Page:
Anyway, white dwarf stars are common in the universe and as such they usually are very hot, taking billions of years to cool off before they become black dwarf stars.  In the case of SN2014J, a white dwarf caused the supernova explosion. There are several ways this can happen. It is important to realize that most stars in the universe exist with a companion star in what we call a binary system. One star goes through its life cycle quicker than the other and thus becomes a white dwarf, while its companion is still progressing through its life cycle. If the white dwarf is close enough to its companion star, it will steal mass from its companion star as shown in the top picture below. When the white dwarf approaches 1.4 solar masses (mass of our Sun), the heat and pressure becomes such that the white dwarf in seconds, transforms its carbon and oxygen into heavier elements, causing an explosion that is very bright and that rips the white dwarf apart.

The second way is when both binary stars in a system have become white dwarfs, orbit each other and because of gravity they eventually merge into each other. As they do this, again, the temperature and pressure becomes enough to cause the white dwarfs to explode in a very bright supernova explosion.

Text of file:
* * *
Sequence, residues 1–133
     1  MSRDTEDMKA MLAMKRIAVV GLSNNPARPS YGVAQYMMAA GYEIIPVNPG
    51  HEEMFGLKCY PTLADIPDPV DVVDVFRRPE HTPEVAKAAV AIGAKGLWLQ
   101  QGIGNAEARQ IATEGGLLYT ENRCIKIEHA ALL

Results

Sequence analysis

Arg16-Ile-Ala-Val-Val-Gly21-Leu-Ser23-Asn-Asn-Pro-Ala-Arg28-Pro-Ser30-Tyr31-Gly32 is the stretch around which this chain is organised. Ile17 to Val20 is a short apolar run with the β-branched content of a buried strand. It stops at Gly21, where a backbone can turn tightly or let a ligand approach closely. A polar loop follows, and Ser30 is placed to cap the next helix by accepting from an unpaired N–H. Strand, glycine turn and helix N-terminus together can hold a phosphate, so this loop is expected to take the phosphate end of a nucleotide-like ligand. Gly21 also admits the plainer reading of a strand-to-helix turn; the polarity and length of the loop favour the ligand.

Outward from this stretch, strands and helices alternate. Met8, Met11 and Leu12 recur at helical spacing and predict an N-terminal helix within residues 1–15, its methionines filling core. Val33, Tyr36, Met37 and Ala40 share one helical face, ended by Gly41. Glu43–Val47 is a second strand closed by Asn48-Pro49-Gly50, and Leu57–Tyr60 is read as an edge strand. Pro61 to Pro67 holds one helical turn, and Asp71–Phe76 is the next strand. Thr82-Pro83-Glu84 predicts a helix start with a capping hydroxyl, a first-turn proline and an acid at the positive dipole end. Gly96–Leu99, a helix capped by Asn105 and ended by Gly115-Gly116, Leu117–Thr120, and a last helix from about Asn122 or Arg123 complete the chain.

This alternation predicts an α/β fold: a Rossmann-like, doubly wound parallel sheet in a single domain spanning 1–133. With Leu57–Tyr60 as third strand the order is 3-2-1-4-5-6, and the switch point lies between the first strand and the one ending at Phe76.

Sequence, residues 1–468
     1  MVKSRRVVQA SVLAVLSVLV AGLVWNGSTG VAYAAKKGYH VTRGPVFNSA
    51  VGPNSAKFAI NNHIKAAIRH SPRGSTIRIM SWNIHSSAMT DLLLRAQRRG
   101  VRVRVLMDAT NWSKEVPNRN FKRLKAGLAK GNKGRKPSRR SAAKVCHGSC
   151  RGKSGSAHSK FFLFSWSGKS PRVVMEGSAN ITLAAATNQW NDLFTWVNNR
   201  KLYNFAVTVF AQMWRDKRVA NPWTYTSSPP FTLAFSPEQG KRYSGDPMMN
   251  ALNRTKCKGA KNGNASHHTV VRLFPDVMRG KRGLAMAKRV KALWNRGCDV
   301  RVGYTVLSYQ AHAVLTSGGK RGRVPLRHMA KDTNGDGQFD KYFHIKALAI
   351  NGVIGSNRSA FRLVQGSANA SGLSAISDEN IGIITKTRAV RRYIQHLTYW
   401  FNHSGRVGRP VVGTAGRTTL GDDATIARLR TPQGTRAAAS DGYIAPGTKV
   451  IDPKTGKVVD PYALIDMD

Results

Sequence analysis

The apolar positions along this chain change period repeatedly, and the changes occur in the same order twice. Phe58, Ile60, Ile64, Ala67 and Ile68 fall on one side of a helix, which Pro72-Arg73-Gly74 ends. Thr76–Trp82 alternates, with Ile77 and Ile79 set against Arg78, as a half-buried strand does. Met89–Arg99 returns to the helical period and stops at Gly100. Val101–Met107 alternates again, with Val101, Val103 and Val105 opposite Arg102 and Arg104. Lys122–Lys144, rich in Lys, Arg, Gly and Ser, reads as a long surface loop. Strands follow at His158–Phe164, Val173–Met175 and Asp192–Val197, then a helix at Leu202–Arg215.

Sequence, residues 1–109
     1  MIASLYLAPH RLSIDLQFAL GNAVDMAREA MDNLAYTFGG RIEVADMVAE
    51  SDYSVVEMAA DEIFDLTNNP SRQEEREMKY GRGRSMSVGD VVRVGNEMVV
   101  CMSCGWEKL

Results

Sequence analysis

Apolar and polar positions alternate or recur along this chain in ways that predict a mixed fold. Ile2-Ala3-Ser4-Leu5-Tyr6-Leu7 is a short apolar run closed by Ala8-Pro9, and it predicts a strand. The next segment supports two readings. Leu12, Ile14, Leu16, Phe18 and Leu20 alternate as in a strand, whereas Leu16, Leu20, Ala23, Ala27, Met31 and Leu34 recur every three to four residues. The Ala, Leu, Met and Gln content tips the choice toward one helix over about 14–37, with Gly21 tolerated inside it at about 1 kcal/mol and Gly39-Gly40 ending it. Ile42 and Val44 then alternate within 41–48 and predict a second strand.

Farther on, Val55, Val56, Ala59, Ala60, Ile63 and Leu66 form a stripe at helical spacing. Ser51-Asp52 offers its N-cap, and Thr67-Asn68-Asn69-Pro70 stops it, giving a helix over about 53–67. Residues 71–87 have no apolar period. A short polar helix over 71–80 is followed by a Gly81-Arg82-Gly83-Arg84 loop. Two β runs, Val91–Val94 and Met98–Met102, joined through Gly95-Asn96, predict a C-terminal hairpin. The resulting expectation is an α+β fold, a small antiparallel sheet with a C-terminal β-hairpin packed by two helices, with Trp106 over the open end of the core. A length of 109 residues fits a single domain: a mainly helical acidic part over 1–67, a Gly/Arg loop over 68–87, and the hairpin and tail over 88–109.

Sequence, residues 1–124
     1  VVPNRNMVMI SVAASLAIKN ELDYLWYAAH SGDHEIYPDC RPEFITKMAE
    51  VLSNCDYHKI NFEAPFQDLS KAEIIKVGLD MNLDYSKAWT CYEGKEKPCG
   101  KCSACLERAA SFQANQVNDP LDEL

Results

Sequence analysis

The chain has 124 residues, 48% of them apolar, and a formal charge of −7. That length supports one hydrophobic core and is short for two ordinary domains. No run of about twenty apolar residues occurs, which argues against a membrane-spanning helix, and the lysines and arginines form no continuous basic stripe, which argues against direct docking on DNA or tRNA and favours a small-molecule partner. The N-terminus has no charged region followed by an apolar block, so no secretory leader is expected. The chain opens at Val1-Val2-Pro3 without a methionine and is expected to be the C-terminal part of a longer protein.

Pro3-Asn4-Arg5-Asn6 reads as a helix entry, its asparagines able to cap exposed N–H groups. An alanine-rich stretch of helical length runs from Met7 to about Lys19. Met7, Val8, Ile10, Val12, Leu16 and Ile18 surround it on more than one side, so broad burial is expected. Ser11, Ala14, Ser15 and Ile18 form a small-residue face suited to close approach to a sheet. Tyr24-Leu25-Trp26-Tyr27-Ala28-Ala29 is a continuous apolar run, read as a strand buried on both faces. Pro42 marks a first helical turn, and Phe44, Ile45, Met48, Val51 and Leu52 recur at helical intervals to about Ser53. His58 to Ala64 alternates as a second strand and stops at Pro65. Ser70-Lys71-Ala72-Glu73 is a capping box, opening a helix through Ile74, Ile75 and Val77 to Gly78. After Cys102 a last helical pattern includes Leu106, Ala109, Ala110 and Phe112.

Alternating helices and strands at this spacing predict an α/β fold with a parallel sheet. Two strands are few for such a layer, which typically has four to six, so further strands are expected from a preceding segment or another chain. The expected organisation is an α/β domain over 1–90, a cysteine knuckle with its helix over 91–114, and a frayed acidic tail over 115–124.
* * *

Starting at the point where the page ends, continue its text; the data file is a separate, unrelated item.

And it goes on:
One of these two scenerios is what caused the Type Ia Supernova, SN2014J (the J means this is the 10th supernova found in 2014 since J is the 10th letter) to explode.  Here is my observation.

Messier 82 with SN2014J; January 14th,  2014.  7:55pm MST or 02:55 UT.  Near 5 Mile Pass UT; SQM: 21.52; 14" Dob with Type I Paracorr (white lettering); 7mm Pentax XW, 27mm TeleVue Panoptic as finder;  Antoniadi III; Cool, 21 degrees F;

I used the 27mm Panoptic as my finder and once on Messier 82, SN2014J stuck out really stuck out at 61x magnification, much like Chief Emerald L. would say, BAM! The SN was approaching the brightness of the 10th magnitude star to the southwest of the SN.  It did in my book just fall behind the 10.6 star which is the second one to the southwest of the SN in brightness.  So in this observation I would probably estimate the SN as a mag. 10.8 to 11.0.  It was discernible to me it seemed that the dust clouds in Messier 82 was impacted the luminosity of this supernova.  SN2014J appeared to be cloudy, or almost like a nebula was around it at times that seemed to dim it. This easily could have been my eyes though.  Messier 82 was its typical shape, with the dark lane in the middle observable with averted vision.  That dark division has 2 or 3 bright clumps behind it to the eastern side.  Fun observation.